Lincoln declared, “What I would most desire would be the separation of the white and black races…”
In 1860, Lincoln racial views were explicit in these words: “They say that between the nigger and the crocodile they go for the nigger. The proportion, therefore, is, that as the crocodile to the nigger so is the nigger to the white man.”
As for delivering slaves from bondage, it was two years after the commencement of hostilities that Lincoln signed the Emancipation Proclamation — to protests from free laborers in the North, who didn’t want emancipated slaves migrating north and competing for their jobs. He did so only as a means to an end, victory in the bloody War Between the States — “to do more to help the cause.”
“My paramount object in this struggle is to save the Union, and is not either to save or to destroy slavery,” said Lincoln in regard to the Proclamation. “If I could save the Union without freeing any slave I would do it, and if I could save it by freeing all the slaves I would do it; and if I could save it by freeing some and leaving others alone I would also do that. What I do about slavery, and the colored race, I do because I believe it helps to save the Union; and what I forbear, I forbear because I do not believe it would help to save the Union.”
In truth, not a single slave was emancipated by the stroke of Lincoln’s pen. The Proclamation freed only “slaves within any State … the people whereof shall then be in rebellion against the United States.” In other words, Lincoln declared slaves were “free” in Confederate states, where his proclamation had no power, but excluded slaves in states that were not in rebellion, or areas controlled by the Union army. Slaves in Kentucky, Missouri, Delaware and Maryland were left in bondage.
His own secretary of state, William Seward, lamented, “We show our sympathy with slavery by emancipating slaves where we cannot reach them and holding them in bondage where we can set them free.”
The great abolitionist Frederick Douglass was so angry with Lincoln for delaying the liberation of some slaves that he scarcely contacted him before 1863, noting that Lincoln was loyal only “to the welfare of the white race…” Ten years after Lincoln’s death, Douglass wrote that Lincoln was “preeminently the white man’s President” and American blacks were “at best only his step-children.”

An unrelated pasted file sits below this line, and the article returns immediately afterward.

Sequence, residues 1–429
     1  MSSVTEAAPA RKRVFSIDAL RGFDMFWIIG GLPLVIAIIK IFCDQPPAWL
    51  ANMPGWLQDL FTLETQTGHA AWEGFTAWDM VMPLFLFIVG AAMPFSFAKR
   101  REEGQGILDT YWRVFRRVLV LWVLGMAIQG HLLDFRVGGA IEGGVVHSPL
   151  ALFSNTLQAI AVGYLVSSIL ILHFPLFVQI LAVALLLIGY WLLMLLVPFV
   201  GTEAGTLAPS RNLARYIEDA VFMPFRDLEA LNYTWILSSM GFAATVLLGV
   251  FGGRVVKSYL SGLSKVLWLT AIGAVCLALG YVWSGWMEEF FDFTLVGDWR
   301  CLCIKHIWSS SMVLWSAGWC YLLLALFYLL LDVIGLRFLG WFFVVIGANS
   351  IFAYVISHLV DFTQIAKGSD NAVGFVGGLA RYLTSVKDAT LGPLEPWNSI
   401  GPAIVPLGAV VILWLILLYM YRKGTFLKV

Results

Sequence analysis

With his Proclamation, Lincoln succeeded in politicizing the issue and short-circuiting the moral solution to slavery, thus leaving the scourge of racial inequality to fester to this day — in every state of the Union.
Many historians argue that Southern states would likely have reunited with Northern states before the end of the 19th century had Lincoln allowed for a peaceful and constitutionally accorded secession. Slavery would have been supplanted by moral imperative and technological advances in cotton production. Furthermore, under this reunification model, the constitutional order of the republic would have remained largely intact.
In fact, while the so-called “Civil War” (which by definition, the Union attack on the South was not) eradicated slavery, it also short-circuited the moral imperative regarding racism, leaving the nation with racial tensions that persist today. Ironically, there is now more evidence of ethnic tension in Boston than in Birmingham, in Los Angeles than in Atlanta, and in Chicago than in Charleston.
Preserve the Union…
Of course, the second of Lincoln’s most famous achievements was the preservation of the Union.
Despite common folklore, northern aggression was not predicated upon freeing slaves, but, according to Lincoln, “preserving the Union.” In his First Inaugural Address Lincoln declared, “I hold that in contemplation of universal law and of the Constitution the Union of these States is perpetual. Perpetuity is implied, if not expressed, in the fundamental law of all national governments.”
“Implied, if not expressed”?
This is the first colossal example of errant constitutional interpretation, the advent of the so-called “Living Constitution.”
Lincoln also threatened the use of force to maintain the Union when he said, “In
On the other hand, according to the Confederacy, the War Between the States had as its sole objective the preservation of the constitutional sovereignty of the several states.